*Power vacuum after Mao’s death*

John Gittings – The Guardian

Friday September 10, 1976
Copyright The Guardian *
The Chinese people, sad but hardly surprised, began to consider their
future last night without their country’s “great helmsman.”
Mao Tse-tung, maker of the Chinese revolution for more than half a
century, died in Peking yesterday morning in his 83rd year. A prepared
statement from the Chinese collective leadership lamented the death of
“the greatest Marxist of the contemporary era.” It urged all Chinese
“to
rally around the Central Committee of the Communist Party.”
Mao died just after midnight on Thursday (Peking time) according to the
Chinese radio which broadcast the news nearly 16 hours later. His death
occurred, the radio said, because of the worsening of his illness and
despite all treatment.” He had not been seen publicly since the end of
May when he briefly received his last foreign visitor, Mr Bhutto, Prime
Minister of Pakistan.
Mao has left his mark on China. He shattered traditional restraints and
urged Chinese (especially the young) to stand up and struggle for
Socialism. But his death comes uneasily soon after the major struggle
within the party leadership caused by the death of Chou En-lai in
January. In April, this led to the dismissal of Chou’s expected
successor, Teng Hsiao-ping.
Yesterday’s official announcement emphasises that the Chinese must
“resolutely uphold the unity and unification of the party,” in an
evident reference to the divisions which have appeared. It also
stresses
that China must continue to carry out Mao Tse-tung’s line on foreign
affairs – the policy which led to detente with the United States and
Peking’s entry to the United Nations.
The immediate political task (though not mentioned in the announcement)
will be to fill the position held by Mao since 1945. He was chairman of
the Chinese Communist Party. This must be done at a full session of the
part’s Central Committee, but this body was badly split earlier this
year over the case of Teng. It may find it difficult to decide on Mao’s
successor.
There is no obvious candidate who can match Mao’s ability to reconcile
different political factions. The man with most influence in the party
is Vice-Premier Chang Chun-chiao who helped Mao lead the Cultural
Revolution. But Premier Hua Kuo-peng, as the party’s first
Vice-Chairman, could hold the ring.
Other possible names include those of the radical theorist Yao
Wen-yuan,
and the party Vice-Chairman, Wang Hung-wen, though both are
comparatively young. Mao’s outspoken wife, Chiang Ching, is unlikely to
be widely supported and could now be vulnerable to criticism for her
recent behaviour. A popular figure, though lacking political
experience,
is the peasant leader, Chen Yung-kuei.
Mao has not appeared before the Chinese public since May Day, 1971, but
he held frequent and lively meetings with foreign visitors until his
withdrawal in June this year.
In one of his last audiences, Mao again showed his liking for friends
of
China and enemies of the Soviet Union by welcoming ex-President Nixon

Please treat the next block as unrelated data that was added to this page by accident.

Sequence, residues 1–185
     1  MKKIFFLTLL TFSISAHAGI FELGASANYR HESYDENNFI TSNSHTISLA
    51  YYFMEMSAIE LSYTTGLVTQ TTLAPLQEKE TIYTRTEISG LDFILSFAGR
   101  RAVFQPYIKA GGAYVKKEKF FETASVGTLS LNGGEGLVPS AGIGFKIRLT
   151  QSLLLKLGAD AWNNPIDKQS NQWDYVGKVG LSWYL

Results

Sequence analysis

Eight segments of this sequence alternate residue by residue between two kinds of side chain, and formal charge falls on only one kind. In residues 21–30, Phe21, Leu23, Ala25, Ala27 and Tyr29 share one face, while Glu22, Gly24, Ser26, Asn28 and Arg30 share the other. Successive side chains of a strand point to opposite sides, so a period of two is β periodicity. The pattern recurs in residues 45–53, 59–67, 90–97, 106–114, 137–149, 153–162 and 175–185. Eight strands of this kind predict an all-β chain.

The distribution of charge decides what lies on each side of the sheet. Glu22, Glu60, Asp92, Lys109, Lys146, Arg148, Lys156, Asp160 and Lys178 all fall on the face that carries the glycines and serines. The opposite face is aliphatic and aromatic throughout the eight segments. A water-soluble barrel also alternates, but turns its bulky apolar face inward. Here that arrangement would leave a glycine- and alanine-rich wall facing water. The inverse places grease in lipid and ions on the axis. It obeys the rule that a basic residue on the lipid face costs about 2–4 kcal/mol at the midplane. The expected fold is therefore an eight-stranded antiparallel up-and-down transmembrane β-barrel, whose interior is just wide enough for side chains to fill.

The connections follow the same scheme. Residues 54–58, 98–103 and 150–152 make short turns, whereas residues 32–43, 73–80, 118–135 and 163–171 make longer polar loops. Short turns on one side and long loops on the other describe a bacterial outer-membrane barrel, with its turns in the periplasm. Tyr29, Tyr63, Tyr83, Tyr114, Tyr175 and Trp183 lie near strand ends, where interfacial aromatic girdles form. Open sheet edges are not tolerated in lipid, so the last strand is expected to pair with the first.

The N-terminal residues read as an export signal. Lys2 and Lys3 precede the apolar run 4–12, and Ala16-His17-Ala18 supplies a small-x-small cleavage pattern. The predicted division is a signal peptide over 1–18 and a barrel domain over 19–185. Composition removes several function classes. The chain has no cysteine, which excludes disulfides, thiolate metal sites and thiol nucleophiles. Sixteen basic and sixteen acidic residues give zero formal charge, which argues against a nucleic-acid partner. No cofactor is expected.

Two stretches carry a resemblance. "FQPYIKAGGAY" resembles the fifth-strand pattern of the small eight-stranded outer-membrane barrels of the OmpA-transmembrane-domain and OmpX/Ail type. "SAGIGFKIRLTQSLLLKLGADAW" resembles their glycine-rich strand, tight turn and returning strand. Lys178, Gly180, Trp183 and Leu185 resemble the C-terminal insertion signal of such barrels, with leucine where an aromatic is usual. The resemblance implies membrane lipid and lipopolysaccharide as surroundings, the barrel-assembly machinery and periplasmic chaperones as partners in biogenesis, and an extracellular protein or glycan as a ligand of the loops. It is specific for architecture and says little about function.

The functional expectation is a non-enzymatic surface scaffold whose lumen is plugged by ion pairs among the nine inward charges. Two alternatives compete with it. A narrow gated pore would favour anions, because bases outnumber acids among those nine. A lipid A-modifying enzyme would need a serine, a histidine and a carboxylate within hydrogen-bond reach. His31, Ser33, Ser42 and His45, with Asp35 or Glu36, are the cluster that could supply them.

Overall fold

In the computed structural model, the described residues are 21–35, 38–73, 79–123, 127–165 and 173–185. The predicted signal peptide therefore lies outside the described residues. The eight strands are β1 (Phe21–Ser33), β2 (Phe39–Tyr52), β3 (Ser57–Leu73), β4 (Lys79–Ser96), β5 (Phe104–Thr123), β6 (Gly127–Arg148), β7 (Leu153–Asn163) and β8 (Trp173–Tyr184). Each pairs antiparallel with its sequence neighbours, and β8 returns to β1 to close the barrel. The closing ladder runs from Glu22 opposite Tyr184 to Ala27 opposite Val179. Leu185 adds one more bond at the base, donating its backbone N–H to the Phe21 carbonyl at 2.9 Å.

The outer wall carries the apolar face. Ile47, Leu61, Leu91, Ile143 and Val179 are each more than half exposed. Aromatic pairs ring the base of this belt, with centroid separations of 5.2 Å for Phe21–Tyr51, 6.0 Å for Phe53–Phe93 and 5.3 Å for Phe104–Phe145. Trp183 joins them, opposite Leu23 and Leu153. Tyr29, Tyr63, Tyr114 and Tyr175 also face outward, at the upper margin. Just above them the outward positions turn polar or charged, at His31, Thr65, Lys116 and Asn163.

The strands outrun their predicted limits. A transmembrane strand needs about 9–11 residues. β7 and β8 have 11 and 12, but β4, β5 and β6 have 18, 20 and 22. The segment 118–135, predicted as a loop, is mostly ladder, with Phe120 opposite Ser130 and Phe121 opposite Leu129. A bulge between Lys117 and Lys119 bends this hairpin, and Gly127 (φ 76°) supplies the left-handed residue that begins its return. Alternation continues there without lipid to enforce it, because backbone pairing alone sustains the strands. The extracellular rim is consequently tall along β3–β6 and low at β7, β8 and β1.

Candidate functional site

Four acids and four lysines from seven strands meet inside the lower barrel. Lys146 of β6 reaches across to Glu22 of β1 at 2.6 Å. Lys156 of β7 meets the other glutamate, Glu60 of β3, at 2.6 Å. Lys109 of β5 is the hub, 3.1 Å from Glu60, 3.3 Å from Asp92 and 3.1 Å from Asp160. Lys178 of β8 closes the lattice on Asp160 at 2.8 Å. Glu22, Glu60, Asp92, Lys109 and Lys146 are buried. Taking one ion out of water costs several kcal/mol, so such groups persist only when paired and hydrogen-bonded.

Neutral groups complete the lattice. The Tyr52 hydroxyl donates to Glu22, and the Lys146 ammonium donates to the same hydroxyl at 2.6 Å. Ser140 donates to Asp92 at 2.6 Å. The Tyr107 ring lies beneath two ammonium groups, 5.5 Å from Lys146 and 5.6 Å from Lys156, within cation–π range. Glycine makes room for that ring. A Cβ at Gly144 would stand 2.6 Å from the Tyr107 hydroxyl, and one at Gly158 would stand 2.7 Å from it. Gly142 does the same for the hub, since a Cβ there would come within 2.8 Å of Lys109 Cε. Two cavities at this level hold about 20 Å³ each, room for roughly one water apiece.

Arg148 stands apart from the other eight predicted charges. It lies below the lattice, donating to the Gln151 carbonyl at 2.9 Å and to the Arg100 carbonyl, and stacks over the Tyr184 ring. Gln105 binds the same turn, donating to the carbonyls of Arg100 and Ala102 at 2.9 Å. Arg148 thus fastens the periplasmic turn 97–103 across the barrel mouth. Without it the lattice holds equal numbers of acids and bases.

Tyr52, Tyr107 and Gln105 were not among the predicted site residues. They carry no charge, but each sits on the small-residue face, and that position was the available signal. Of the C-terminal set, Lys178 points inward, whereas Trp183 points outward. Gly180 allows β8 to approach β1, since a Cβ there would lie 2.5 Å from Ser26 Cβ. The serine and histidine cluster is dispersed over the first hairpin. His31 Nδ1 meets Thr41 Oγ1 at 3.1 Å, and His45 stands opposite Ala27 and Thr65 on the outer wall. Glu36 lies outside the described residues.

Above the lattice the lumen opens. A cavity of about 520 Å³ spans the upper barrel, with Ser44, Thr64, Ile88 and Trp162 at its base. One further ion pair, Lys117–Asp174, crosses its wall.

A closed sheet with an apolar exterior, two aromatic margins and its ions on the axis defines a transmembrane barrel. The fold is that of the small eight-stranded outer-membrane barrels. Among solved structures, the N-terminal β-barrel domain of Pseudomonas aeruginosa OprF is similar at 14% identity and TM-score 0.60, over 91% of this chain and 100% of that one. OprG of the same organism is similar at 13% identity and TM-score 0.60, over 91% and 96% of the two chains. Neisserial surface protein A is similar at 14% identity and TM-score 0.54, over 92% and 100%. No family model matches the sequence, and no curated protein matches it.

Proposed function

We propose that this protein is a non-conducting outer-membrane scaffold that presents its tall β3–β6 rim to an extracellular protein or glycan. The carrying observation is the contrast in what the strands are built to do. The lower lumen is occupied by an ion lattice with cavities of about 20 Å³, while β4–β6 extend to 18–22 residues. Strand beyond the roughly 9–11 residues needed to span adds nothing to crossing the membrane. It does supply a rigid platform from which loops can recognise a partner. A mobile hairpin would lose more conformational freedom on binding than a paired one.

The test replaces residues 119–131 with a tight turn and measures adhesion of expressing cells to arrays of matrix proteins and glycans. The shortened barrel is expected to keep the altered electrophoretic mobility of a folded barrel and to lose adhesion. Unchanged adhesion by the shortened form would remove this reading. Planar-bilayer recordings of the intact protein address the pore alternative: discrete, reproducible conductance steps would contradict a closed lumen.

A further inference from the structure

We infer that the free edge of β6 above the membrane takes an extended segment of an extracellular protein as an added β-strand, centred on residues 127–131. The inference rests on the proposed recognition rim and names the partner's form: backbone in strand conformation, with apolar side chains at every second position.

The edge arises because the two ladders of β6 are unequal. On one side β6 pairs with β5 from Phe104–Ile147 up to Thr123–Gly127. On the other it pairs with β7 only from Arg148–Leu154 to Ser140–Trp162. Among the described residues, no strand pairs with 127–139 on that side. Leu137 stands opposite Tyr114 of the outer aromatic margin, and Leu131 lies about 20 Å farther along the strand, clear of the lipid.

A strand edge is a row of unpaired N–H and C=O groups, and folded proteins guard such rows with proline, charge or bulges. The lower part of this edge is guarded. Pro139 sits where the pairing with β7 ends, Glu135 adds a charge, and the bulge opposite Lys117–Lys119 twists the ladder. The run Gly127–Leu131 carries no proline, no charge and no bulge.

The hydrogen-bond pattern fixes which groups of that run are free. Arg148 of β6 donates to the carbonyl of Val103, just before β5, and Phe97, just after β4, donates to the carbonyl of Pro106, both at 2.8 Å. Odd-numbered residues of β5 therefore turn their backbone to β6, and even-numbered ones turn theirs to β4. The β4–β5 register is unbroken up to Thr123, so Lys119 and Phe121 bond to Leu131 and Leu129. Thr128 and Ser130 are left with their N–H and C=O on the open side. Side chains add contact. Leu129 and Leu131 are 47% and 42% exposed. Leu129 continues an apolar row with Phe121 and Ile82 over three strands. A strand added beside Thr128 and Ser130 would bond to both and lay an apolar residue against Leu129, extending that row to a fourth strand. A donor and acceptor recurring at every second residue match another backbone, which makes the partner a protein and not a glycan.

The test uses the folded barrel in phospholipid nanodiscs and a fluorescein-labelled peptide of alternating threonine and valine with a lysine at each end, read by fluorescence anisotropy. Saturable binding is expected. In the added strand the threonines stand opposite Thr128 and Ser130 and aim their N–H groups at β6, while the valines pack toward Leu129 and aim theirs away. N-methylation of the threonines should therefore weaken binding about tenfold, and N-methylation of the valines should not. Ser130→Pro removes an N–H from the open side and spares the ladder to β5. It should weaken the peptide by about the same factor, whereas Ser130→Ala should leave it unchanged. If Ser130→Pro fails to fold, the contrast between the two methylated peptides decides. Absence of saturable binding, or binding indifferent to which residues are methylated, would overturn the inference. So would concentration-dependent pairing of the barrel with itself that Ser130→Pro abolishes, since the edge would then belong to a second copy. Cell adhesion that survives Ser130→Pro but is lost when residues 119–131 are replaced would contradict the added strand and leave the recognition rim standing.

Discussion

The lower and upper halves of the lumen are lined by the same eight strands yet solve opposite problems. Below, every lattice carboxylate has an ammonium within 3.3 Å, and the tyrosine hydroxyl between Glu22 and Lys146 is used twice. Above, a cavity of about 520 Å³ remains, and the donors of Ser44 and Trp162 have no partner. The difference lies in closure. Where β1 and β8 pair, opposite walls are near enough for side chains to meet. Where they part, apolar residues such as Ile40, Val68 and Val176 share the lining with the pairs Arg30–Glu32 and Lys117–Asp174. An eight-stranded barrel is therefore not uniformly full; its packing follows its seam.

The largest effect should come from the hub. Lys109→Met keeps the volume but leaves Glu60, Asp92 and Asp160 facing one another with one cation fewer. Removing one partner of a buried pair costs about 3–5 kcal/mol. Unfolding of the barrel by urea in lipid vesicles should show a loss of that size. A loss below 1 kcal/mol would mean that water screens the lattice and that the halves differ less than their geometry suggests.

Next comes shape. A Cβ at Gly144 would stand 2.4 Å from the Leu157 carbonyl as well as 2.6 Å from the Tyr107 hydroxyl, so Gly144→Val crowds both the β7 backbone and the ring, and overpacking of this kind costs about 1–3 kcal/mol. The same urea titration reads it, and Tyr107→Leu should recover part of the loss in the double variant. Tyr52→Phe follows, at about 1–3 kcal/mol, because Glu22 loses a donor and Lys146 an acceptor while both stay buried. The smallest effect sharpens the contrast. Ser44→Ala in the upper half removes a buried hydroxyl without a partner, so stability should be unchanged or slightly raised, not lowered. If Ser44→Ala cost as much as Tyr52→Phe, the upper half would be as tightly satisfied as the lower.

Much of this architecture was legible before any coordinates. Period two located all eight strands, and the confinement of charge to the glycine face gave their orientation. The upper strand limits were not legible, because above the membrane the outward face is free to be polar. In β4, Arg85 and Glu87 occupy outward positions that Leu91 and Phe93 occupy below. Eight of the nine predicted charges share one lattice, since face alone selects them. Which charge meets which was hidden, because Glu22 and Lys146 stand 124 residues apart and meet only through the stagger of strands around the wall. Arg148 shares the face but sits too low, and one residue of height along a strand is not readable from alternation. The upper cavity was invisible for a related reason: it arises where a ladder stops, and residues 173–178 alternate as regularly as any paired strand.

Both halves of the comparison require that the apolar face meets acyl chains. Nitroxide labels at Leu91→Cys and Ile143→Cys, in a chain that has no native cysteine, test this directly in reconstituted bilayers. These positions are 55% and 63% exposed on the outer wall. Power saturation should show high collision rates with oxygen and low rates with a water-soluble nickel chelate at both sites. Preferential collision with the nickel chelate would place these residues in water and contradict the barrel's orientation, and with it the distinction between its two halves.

to
Peking.
Mao was believed to have had at least two strokes in his last years,
but
no official bulletins were issued about his health.
He is thought to have suffered from Parkinson’s Disease, although this
was held in check by drugs for a long time. Even when his speech began
to deteriorate he still showed his usual zest to grasp fresh
information
and to sum up the affairs of the world in his sweeping confident style.
Mao was a complex man behind simple slogans. He led China on a
successful but difficult path – particularly in the latest years of
Cultural Revolution. He has commanded admiration perhaps more than
love;
respect as much as affection, never speaking nor circulating widely in
public. In spite of the personal hagiography it was the thought, above
all, which inspired so many millions.
There will be grief and, more generally, a sense of loss and
uncertainty
without the man who so overwhelmingly shaped the feature of the new
China.
Mao’s strong anti-Soviet views became even more pronounced in his last
years. Some toning-down may now be expected here, although the broad
lines and interests of Peking’s diplomacy are well established.
At home, Mao’s “general line” of economic development, with its
emphasis
on agriculture as the base for industrialisation, is widely accepted in
spite of fierce arguments about ways and means.
The real question is whether the present emphasis on “class struggle”
between what are regarded as the “antagonistic” forces of “the
proletariat and the bourgeoisie” will be maintained, with all its
factional overtones, after Mao’s death.
Mao’s failure to find his “chosen successor” – two (Liu Shao-chi and
Lin
Plao) fell by the wayside – must mar his enormous achievements. Yet the
positive benefit of encouraging large numbers of Chinese to question
and
challenge bureaucratic authority could eventually transform China.
“So many deeds cry out to be done …” Mao wrote in his most famous
poem. “Ten thousand years are too long. Seize the day! Seize the hour
!”
Much of the strength of the China which Mao has left behind lies in
this
confident assertion for the future.


http://www.guardian.co.uk/print/0,3858,5011965-110875,00.html

Leave a Reply

Your email address will not be published. Required fields are marked *